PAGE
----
The chance of a worker suffering from serious heart disease is linked to the quality of leadership their manager brings to the job, according to research.
Experts from Sweden looked at the heart-related health of more than 3,000 employed men as part of the Work, Lipids, and Fibrinogen Stockholm study, the British Medical Journal reported.
All the participants were asked to rate the leadership style of their senior managers, using a validated scoring system.
Over a 10-year period, 74 cases of fatal and nonfatal heart attack, acute angina, or deaths from ischaemic heart disease occurred.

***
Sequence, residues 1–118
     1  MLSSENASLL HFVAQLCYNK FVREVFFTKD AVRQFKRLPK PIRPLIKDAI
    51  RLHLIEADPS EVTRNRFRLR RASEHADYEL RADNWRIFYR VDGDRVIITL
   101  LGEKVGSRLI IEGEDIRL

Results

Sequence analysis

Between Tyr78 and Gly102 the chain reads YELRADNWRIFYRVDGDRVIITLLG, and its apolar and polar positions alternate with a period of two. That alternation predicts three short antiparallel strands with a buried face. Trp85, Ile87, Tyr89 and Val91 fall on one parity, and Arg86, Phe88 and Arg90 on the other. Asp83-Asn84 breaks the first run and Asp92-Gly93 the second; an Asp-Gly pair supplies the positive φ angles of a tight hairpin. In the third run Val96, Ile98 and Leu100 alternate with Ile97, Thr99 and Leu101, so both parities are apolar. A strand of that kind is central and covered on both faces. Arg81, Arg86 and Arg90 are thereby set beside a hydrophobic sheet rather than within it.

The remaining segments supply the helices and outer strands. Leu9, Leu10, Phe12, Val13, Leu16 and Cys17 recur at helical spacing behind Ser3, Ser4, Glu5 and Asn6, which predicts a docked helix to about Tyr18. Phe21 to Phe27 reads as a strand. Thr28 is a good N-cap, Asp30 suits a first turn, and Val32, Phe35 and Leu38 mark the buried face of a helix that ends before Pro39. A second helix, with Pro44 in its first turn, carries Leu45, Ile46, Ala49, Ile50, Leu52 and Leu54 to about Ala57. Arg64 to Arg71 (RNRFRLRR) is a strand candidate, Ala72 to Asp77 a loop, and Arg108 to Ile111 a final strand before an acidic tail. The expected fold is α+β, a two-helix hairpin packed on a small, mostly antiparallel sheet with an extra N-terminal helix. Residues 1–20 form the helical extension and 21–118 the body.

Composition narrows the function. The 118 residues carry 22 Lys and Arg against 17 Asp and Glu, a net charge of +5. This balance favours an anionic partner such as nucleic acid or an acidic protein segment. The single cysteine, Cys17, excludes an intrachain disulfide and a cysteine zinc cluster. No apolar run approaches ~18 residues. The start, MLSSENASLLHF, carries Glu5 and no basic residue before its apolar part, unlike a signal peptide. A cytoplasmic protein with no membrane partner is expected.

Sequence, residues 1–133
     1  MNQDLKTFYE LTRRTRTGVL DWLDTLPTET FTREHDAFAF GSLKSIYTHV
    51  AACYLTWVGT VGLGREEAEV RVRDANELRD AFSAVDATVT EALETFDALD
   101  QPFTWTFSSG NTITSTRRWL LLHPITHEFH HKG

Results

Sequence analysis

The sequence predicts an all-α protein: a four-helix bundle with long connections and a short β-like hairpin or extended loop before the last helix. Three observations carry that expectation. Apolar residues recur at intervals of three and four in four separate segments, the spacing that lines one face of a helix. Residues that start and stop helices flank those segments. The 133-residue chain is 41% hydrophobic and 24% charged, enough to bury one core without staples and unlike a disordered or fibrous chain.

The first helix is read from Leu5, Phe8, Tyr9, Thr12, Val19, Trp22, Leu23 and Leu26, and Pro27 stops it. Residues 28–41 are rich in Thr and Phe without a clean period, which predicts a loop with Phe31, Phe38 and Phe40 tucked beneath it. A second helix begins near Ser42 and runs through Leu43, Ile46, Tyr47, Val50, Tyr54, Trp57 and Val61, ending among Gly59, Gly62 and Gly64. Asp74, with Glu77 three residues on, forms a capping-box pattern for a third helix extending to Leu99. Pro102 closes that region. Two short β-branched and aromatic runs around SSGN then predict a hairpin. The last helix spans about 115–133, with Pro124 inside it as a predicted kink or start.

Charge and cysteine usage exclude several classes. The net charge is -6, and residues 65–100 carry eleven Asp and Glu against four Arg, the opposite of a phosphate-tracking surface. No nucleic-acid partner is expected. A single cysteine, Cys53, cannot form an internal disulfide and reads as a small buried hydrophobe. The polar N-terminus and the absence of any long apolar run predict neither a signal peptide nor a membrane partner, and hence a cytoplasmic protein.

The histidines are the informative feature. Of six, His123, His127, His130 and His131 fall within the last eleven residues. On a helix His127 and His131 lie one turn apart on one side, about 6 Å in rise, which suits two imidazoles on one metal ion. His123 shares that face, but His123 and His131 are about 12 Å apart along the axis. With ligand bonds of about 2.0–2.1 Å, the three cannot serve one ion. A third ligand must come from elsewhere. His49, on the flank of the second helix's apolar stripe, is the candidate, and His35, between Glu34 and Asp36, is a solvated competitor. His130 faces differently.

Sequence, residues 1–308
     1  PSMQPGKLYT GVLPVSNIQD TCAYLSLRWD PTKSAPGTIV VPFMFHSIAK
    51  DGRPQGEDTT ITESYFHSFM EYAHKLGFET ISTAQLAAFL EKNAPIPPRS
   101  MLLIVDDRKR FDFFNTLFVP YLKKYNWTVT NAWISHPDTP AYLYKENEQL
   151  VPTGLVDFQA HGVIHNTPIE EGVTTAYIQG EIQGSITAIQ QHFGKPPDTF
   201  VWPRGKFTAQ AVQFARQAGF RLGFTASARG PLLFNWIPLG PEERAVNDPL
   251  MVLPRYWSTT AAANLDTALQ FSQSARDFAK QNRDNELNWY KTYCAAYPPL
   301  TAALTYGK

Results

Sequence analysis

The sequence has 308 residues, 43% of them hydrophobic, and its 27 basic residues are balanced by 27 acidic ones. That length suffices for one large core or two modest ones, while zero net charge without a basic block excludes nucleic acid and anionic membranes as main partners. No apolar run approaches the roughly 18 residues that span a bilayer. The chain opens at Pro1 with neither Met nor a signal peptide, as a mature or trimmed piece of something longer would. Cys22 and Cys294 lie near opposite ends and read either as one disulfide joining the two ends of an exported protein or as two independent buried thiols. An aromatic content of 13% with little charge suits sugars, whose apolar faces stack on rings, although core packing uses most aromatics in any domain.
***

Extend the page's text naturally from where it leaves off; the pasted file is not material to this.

The study, published in Occupational and Environmental Medicine, found that the higher senior managers were ranked, the lower the risk of a serious heart problem or death among employees.
The reverse was also true, with the association between poor leadership and the risk of serious heart disease strengthening the longer an employee worked for the same company – suggesting that the effects of leadership could be cumulative.
The authors wrote: "One could speculate that a present and active manager, providing structure, information and support, counteracts destructive processes in work groups, thereby promoting regenerative rather than stress-related physiological processes in employees."